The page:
Government of National Capital Territory (GNCT) of Delhi (Amendment) Act, 2021

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    In News 

    Recently, the Government of National Capital Territory (GNCT) of Delhi (Amendment) Act, 2021 came into force.

    Rationale Behind This

    • Section 44 of the 1991 GNCT Act deals with the conduct of business and there is no structural mechanism for effective time-bound implementation of the said section.
      • Section 44 of the 1991 Act says that all executive actions of the L-G, whether taken on the advice of his Ministers or otherwise shall be expressed to be taken in the name of the LG.
    • Further, there is no clarity as to what proposal or matters are required to be submitted to Lieutenant Governor before issuing an order thereon.

    Key Highlights of the Act 

    • It amended Sections 21, 24, 33 and 44 of the GNCT of Delhi Act, 1991
      • According to the legislation, the “government” in Delhi means the “Lieutenant Governor.”
    •  The city government will now mandatorily have to take the opinion of the L-G before taking any executive action.
    • The Act defines the responsibilities of the elected government and the L-G along with the “constitutional scheme of governance of the NCT” interpreted by the Supreme Court in recent judgements regarding the division of powers between the two entities.
    • It will also seek to ensure that the L-G is “necessarily granted an opportunity” to exercise powers entrusted to him under proviso to clause (4) of Article 239AA of the Constitution.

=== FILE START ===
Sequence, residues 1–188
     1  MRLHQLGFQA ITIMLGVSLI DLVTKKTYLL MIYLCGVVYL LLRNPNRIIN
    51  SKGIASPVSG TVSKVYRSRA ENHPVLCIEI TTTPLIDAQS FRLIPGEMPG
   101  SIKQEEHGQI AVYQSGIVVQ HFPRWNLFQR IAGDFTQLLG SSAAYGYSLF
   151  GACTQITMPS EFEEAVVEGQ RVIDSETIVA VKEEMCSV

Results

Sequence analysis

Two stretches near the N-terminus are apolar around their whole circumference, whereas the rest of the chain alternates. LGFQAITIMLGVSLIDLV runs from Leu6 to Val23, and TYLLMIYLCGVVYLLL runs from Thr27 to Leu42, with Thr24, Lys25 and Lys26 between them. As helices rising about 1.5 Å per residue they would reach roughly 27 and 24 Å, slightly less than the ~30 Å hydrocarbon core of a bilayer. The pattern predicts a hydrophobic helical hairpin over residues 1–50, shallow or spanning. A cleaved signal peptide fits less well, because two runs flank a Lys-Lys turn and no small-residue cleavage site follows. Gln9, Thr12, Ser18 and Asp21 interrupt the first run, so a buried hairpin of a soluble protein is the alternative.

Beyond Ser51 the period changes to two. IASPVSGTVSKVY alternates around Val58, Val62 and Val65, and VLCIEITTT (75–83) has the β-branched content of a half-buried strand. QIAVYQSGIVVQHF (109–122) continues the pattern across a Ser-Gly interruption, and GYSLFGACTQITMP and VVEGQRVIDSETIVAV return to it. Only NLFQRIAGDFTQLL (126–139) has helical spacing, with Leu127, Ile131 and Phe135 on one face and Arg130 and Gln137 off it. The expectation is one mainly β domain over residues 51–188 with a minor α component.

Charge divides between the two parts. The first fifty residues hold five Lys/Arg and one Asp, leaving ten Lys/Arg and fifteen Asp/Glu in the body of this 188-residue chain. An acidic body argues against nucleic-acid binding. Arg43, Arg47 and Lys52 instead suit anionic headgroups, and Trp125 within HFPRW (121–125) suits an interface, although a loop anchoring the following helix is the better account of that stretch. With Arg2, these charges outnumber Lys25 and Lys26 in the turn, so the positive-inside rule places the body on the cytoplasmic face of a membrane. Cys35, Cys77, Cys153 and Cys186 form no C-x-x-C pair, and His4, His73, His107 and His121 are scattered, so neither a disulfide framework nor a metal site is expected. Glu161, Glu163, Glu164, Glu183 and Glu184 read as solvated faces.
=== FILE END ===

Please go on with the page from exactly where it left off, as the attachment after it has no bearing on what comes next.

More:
• This particular clause provides for a Council of Ministers headed by a Chief Minister for the NCT to “aid and advise the Lieutenant Governor” in the exercise of his functions for matters in which the Legislative Assembly has the power to make laws.
    • It will also provide for rules made by the Legislative Assembly of Delhi to be “consistent with the rules of the House of the People” or the Lok Sabha.

    Criticism

    • It is an unholy attempt to curtail the powers of a democratically elected Government 
      • It is an affront not only to the will of the people but to the spirit of federalism 
    •   It is being argued that by virtually handing over executive powers to the Lieutenant Governor, the government has acted against the spirit of the Supreme Court ruling that aimed to safeguard the elected government of Delhi from undue interference or obstacles from the Lieutenant Governor.